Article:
Bailey Now


Norma Bailey is not one to make a fuss. Before the 24-year Army veteran was interviewed, she had already said that what she did wasn’t that special. Sure, as a 22-year old she enlisted in the Army. And sure, she was deployed to Germany in 1945 to help the troops navigate post-World War II Europe. And sure, she was in the Army for 24 years, ultimately making the rank of First Sergeant.

“But I don’t think what I did was that special,” she said.

Norma Bailey was born in Lawrence, Kansas in 1924, had lots of friends growing up and loved playing basketball in high school. After graduating, she noticed many of her friends had joined the army.

“There weren’t that many friends left,” the now 94-year-old remembered. “I was hearing the call, too. I wanted to help, so I made the decision to enlist.”

The year was 1944.

After basic training at Fort Oglethorpe, Georgia, Norma became part of the Women’s Army Corps (WAC), an all-female unit of The United States Army established during World War II. It was officially started in 1943 by President Franklin D. Roosevelt, allowing women to be enlisted and appointed to noncombat roles in the United States Army.

“It was around the time Hitler and his girlfriend committed suicide,” said Bailey. “My memory might not be what it once was, but I do remember that. Soon after, many of the camps stateside were closing, because the war was over. I helped in those places making sure those closings went smoothly.”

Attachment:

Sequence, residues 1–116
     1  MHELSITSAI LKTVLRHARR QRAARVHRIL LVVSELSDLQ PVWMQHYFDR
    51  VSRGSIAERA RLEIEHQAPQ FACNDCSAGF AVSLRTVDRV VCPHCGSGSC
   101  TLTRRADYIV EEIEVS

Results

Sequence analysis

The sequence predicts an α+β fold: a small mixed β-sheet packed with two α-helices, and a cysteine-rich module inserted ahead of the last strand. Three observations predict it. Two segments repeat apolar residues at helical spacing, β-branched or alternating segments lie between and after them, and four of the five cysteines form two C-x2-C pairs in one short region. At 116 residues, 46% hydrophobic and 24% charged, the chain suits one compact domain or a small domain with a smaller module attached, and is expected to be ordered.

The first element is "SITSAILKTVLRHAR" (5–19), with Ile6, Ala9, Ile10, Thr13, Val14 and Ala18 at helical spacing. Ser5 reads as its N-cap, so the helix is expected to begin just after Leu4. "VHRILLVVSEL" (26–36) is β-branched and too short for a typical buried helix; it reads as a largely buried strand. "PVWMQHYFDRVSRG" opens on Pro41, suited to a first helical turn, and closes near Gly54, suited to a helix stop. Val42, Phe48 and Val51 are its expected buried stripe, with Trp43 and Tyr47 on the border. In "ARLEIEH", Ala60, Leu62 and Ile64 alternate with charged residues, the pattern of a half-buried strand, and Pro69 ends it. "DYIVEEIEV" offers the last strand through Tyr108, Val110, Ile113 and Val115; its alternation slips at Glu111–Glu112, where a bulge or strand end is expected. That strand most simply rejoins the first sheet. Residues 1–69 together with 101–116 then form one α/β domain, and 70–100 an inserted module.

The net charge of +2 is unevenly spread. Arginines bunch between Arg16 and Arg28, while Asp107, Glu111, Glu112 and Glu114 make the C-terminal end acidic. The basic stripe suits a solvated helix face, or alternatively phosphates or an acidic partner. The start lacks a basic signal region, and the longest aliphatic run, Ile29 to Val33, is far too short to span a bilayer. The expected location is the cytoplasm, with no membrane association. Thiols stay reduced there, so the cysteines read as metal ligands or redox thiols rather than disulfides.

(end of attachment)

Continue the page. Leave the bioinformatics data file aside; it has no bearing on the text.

Those closings brought her to an Army medical unit in Washington where she was ward master, as well as to camps in the California desert and in San Francisco.

“After that, the Army was asking for volunteers to serve in Germany,” Bailey said. “I didn’t hesitate and went to Germany. I remember we went by boat and I was stationed in Frankfurt.”

The aftermath of the war in Germany made a big impression on Bailey.

“Before arriving, I remember I was curious about what war does. There were lots of bombed buildings and some of them had the stench of bodies,” she said.  “It was so close to the end of the war, some of those buildings still had bodies in them.”

On the Frankfurt base, Bailey was part of the personnel office.

“I was tasked with keeping military records for enlisted men,” she said. “It meant mapping where soldiers had been, how much leave time they had left and if they were properly paid.”

During her leave time, she would travel back to the United States for a few weeks, before heading back to Germany. Although Bailey isn’t sure how long her deployment lasted, she estimates it was between five and ten years.

“I’m almost 95 years old, so you’ll have to forgive my memory lapses,” she said. “Take it from me, time goes by very quickly.”

Although she is adamant that her accomplishments aren’t worth mentioning, Bailey is proud of her time in the service.

 “I’m very patriotic. I was patriotic when I enlisted and I still am,” she said. “I am proud that I was able to serve my country.”

After returning home, Bailey worked the remainder of her active duty years at Fort Lee, Virginia, before she was discharged and settled in Charlottesville.

“I was discharged in 1967,” Bailey said. “That’s 51 years ago. I have no regrets. If I could do it all over again, I would. Oh, yes I would.”

 From time to time, people thank Bailey for serving all those years.

“They will say ‘thank you for your service’. That is always nice to hear and I appreciate it very much. But tell me, was it really that special what I did?”

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